The Colors of Change: Blue
Spiral Dynamics is a theory of human and societal development uncovered by Dr. Clare W. Graves (1914-1986). Graves was a developmental psychologist and professor of psychology at Union College in Schenectady, New York. He was a peer of Abraham Maslow.
Graves’ model is a bio-psycho-social one based on more than two decades of research. According to Ken Wilber, the founder of the Integral movement which incorporates Spiral Dynamics, the Gravesian model has so far “been tested in more than fifty thousand people from around the world, and there have been no major exceptions found in the general scheme.” It has also been called, the Theory of Everything.
With this model, Graves discovered the underlying pattern for human and societal change. He identified eight unique stages (or layers as I refer to them) that we move through in a set sequence. However, the model continues beyond these stages and is “neverending”. As long as humanity survives, we will grow and evolve.
In this article, we’ll take a closer look at the Blue layer of development.
Once we move from Red into Blue, rational thought emerges. Prior to Blue, our thoughts are largely driven by our needs and our emotions. Here we see the more complete activation of the pre-frontal cortex, the area of the brain responsible for decision-making, moderation of instinctive and emotional drivers, social behavior, and complex cognitive behavior. There is a heart opening at Blue that enables the religious “love thy neighbor” capacity and emotionally-driven loyalty between people who are aligned to the same cause (e.g., in marriage, religion, the military, etc.). The rational layers include blue, orange, and green.
Blue Layer “Purposeful/Authoritarian” (Communal, Right Brain focused)
Emerged: 5,000 years ago
Mantra: Life has meaning, direction and purpose determined by a higher order such as a God, religion, or strict political affiliation.
Core Values: Blue values discipline, duty, regularity, loyalty, and honor. Blue believes in self-sacrifice for later reward (e.g. in heaven) and living according to a strict moral code.
|Blue (Truth) Order-drivenPurposeful lifeStabilityMoralisticCautious & carefulTraditionListens to authorityOnly one right wayRewards to comeSacrifice for purpose
Core values include self-discipline, modesty, piety, and morality. There is a focus on good vs. evil. Blue thinking is very linear, absolute, literal, and definite.
Blue is frequently religion-based but can be secular or atheistic. There is always some kind of “righteous order,” such as a church hierarchy or authoritarian government, which enforces a black and white code of conduct, teaches “right” and “wrong,” and provides meaning for life. Anyone outside the order is wrong and does not deserve respect. The sought-for goal is ultimate peace, often suﬀering now to receive a reward in the afterlife.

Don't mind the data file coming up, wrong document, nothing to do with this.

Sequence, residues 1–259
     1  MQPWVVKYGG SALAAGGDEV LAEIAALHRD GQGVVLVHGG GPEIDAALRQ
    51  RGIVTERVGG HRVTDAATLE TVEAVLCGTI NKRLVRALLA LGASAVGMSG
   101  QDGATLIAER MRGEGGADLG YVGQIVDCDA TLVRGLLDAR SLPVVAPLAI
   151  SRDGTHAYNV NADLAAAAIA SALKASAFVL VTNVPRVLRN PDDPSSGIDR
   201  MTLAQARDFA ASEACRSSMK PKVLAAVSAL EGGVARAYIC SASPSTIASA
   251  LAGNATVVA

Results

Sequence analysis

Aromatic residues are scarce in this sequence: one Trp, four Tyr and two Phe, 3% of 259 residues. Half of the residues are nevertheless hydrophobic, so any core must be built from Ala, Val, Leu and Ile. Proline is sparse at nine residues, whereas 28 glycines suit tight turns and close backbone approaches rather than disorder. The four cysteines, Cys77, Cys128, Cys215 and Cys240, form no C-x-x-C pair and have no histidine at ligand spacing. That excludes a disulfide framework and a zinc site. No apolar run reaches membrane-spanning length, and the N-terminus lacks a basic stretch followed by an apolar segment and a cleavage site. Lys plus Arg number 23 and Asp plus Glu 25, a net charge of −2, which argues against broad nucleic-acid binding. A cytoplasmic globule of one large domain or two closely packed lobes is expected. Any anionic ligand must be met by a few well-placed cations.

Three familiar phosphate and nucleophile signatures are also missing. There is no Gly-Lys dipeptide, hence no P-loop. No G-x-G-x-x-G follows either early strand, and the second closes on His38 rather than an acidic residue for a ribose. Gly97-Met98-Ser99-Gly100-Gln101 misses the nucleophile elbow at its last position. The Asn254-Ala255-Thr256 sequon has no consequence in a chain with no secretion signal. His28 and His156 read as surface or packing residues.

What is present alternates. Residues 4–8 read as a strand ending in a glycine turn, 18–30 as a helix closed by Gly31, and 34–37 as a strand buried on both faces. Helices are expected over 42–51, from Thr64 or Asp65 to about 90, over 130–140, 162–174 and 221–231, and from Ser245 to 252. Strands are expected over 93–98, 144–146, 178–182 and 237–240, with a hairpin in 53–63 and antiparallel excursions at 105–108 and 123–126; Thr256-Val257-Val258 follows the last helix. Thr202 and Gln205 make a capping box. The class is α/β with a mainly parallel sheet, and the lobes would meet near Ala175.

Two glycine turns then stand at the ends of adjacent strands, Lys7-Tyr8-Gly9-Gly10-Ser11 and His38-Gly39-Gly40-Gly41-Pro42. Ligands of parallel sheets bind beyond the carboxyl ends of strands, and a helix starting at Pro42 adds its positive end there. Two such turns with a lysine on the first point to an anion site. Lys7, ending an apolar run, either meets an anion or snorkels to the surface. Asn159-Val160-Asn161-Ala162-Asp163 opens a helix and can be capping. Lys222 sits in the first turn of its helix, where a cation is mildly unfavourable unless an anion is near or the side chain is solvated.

Blue systems are almost always paternalistic, strongly conformist and include rigid social hierarchies, such as the caste system in India. Blue shows up in Puritan America, religious fundamentalism (Christian, Jewish, Islamic), and the Boy Scouts and Girl Scouts.
In Graves’ research, Blue had the highest values for authoritative attitudes and self-control with the lowest values for creating innovations, achieving new concepts, and independence.
Positive Expression of Blue: Blue can bring order and structure, creating the necessary stability for people to live together in large societies.
Negative Expression of Blue: Blue can be negative when it becomes too rigid in role identiﬁcation, keeping people from developing and changing; script pathology (what you are and do is predetermined); religious fundamentalism; and fascism. Religion is strong for those perceiving the world through Blue, but it is from an “us” vs. “them” perspective. There is only one right way, for example those with a Blue orientation may take a strong stance against other belief systems and even other sects within their own religion (e.g., Sunni vs. Shia, Protestant vs. Catholic, etc.).
Emotion that drives the transition to the next layer: Frustration
Transition from Blue to Orange: Blue begins to decay when individuals see that following the one accepted path doesn’t always work. They begin to feel frustrated and confined by the rules and conformity of the group. Orange emerges with a focus on the individual and provides multiple paths to follow, including blazing your own trail. During the transition from Blue to Orange in the United States, we saw the Civil War, which brought the Blue agrarian values of the South into direct conflict with the emerging Orange industrial values of the North.